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Characterizing the Occipital Oscillatory Activity in Blindness (COcOAB)
Start date: Apr 1, 2016, End date: Mar 31, 2018 PROJECT  FINISHED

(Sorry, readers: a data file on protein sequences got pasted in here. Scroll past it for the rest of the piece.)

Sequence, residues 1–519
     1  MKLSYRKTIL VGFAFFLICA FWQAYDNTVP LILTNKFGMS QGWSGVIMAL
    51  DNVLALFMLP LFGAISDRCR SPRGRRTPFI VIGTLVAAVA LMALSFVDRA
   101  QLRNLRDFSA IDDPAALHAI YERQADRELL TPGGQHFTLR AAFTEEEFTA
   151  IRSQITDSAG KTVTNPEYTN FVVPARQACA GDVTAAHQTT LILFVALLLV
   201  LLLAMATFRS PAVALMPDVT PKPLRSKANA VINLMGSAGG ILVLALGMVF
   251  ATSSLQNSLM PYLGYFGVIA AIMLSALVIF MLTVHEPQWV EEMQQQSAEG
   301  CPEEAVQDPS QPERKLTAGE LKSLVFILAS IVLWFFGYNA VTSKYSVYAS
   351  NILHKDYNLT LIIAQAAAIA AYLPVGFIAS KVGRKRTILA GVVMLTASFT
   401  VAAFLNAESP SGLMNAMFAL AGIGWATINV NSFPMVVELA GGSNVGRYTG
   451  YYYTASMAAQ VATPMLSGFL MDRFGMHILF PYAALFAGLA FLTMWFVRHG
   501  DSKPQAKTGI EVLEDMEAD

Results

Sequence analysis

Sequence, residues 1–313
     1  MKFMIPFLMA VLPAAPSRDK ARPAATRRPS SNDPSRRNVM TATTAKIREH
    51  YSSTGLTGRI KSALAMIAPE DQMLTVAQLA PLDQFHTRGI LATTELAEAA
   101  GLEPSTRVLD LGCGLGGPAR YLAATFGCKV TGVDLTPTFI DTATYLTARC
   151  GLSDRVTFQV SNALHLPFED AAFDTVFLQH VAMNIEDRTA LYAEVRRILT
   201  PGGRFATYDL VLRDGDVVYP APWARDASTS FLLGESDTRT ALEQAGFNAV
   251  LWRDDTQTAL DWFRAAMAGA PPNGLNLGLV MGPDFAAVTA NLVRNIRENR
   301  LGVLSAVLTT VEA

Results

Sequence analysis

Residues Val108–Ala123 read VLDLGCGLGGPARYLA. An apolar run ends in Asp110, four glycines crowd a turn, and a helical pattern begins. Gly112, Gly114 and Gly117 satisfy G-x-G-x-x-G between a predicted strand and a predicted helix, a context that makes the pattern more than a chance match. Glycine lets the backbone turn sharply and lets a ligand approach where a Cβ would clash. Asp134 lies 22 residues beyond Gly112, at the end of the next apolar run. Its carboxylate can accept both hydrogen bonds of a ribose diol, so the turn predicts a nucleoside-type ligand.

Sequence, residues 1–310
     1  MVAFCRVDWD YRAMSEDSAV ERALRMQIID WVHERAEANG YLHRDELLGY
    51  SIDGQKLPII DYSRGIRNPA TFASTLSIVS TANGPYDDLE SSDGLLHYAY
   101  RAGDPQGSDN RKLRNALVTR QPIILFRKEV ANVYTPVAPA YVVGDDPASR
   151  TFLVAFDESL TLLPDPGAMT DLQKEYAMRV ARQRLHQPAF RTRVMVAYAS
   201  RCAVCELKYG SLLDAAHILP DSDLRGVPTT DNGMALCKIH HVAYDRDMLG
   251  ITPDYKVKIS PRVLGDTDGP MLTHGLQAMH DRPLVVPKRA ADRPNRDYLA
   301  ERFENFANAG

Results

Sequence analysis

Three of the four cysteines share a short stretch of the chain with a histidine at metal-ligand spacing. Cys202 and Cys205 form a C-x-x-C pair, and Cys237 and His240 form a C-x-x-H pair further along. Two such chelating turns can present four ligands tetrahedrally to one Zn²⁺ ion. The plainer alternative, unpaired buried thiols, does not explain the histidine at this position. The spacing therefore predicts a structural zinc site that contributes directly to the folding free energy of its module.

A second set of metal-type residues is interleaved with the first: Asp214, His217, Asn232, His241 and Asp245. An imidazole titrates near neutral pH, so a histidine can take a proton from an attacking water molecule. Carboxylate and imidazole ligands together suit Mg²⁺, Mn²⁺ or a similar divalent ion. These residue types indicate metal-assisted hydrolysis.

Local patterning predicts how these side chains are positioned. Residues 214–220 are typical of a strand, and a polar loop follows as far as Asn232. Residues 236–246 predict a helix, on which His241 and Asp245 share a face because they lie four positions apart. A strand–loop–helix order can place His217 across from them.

The massive reorganization of the occipital regions as a consequence of lack of vision represents one of the most remarkable examples of the plastic potentialities of the human brain. Despite the large amount of neuroimaging evidence proving the involvement of occipital areas of blind individuals in non‐visual input processing, the functional role of this sensory reorganized region is still matter of intense debate. In COcOAB, we will use an underexploited neuroimaging technique in this field, magnetoencephalography (MEG), in order to study the oscillatory profile of ensembles of occipital neurons and their brain‐wide functional interaction patterns in blind individuals. This will allow us to gather unprecedented information about the functional relevance of non‐visual activity in the occipital cortex of blind individuals. Moreover, COcOAB will assess the impact of age onset and duration of visual deprivation on the occipital oscillatory activity, thus providing insights into the relationship between blindness and sensitive periods of maturation in the visual system. The groundbreaking potentials of COcOAB reside in the application of the MEG technique to the study of two experimental domains — sensory illusions and stimulation at threshold — that has been so far neglected in the field of sensory deprivation. COcOAB represents a unique testing ground to address how specific regions support perception in a mechanistic fashion in visually deprived individuals, thus challenging the current knowledge on the functionality of these reorganized regions via a highly innovative approach.

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